Japan, Tokyo – 04-18-2019 (PRDistribution.com) — Pour water, wait, and switch on

No need of preinfusion or special technique

HARIO launches a coffee dripper with a new feel

Immersion Dripper SWITCH


In spring of 2019 a new coffee dripper, SWITCH, was released by HARIO.


The brewing method can change the taste, aroma, and strength of coffee, even when it’s brewed from the same beans. There are roughly two methods to brew coffee. One is to percolate the coffee grounds with a device like theV60. In this method, hot water is poured over the grounds a few times at regular intervals. The other method, the French press orsyphon method, immerses the coffee grounds for a certain time in hot water before the grounds and coffee are separated.


The SWITCH is easy to use. Place a paper filter in the dripper, pour water over the coffee grounds, and wait for about two minutes. Then, press the switch, and the brewed coffee runs down. One appealing feature of the SWITCH is the ease with which it is possible to customize the brewing conditions. Simply vary the size of grounds and brewing time to your taste.


The SWITCH offers the rich flavor of the French press and the clear taste of paper drip brewing, giving you the best of both brewing methods in one dripper.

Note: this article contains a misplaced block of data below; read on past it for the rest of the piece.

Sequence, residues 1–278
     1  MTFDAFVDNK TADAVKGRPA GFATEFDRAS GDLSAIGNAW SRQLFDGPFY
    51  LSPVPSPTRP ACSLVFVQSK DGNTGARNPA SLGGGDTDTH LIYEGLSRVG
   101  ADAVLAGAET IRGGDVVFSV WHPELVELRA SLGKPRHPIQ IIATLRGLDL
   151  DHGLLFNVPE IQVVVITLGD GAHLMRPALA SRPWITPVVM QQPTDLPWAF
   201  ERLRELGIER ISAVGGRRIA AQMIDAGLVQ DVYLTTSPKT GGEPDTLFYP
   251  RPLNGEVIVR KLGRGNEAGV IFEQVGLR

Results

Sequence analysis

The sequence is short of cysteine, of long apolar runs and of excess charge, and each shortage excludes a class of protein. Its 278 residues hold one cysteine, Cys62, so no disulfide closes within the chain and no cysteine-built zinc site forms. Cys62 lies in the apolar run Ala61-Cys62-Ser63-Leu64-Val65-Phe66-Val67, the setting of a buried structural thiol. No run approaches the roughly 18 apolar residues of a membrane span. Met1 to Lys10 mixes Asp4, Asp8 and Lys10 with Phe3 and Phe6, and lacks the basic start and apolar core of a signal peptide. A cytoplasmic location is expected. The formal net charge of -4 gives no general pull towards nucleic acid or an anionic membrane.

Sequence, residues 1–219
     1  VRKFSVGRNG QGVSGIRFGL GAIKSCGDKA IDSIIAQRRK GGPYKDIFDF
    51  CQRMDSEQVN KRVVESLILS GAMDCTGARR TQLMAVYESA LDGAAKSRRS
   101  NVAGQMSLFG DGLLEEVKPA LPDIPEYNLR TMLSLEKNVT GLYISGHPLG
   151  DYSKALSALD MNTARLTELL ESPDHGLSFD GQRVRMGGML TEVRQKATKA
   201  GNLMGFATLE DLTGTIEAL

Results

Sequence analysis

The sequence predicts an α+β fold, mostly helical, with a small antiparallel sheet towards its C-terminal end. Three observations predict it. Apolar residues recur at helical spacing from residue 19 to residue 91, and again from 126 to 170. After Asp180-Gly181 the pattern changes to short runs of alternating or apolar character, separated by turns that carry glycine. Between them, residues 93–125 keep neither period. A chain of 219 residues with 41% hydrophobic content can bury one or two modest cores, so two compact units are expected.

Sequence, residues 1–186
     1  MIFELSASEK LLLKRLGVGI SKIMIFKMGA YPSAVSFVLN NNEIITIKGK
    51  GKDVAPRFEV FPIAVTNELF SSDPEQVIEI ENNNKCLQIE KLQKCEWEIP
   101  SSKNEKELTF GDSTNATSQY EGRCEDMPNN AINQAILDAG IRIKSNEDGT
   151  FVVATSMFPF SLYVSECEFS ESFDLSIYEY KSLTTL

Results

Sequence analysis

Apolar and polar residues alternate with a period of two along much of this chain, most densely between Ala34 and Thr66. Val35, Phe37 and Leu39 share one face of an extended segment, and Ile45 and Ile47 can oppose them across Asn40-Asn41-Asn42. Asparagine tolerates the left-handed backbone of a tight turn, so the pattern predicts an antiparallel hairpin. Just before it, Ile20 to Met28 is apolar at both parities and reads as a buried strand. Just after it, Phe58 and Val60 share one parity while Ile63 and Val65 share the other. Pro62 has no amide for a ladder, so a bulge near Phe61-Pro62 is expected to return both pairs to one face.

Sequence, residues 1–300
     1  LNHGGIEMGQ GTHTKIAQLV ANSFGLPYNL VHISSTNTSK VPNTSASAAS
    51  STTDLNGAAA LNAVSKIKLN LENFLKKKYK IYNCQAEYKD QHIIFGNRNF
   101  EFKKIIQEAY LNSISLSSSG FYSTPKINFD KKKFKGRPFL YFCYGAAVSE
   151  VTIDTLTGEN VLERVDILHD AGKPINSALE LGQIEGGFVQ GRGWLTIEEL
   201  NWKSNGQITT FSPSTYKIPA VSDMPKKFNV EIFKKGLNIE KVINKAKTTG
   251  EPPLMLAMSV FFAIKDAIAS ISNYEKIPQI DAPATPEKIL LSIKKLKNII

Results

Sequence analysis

The SWITCH makes it easy for everyone to brew coffee anytime under the same brewing conditions, making it fun and easy to compare the flavors of different coffee beans.


With the SWITCH, HARIO will acquaint many customers with the fun of pour-over, making the excellent taste of pour-over coffee widely known. 


Media Contacts:

Company Name: HARIO CO., LTD.
Email Address: Send Email
Website: https://www.hario.jp

For the original news story, please visit https://prdistribution.com/news/hario-co-ltd.html.

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About the Author: Carrie Brunner

Carrie Brunner grew up in a small town in northern New Brunswick. She studied chemistry in college, graduated, and married her husband one month later. They were then blessed with two baby boys within the first four years of marriage. Having babies gave their family a desire to return to the old paths – to nourish their family with traditional, homegrown foods; rid their home of toxic chemicals and petroleum products; and give their boys a chance to know a simple, sustainable way of life. They are currently building a homestead from scratch on two little acres in central Texas. There’s a lot to be done to become somewhat self-sufficient, but they are debt-free and get to spend their days living this simple, good life together with their five young children. Carrie writes mostly on provincial stories.
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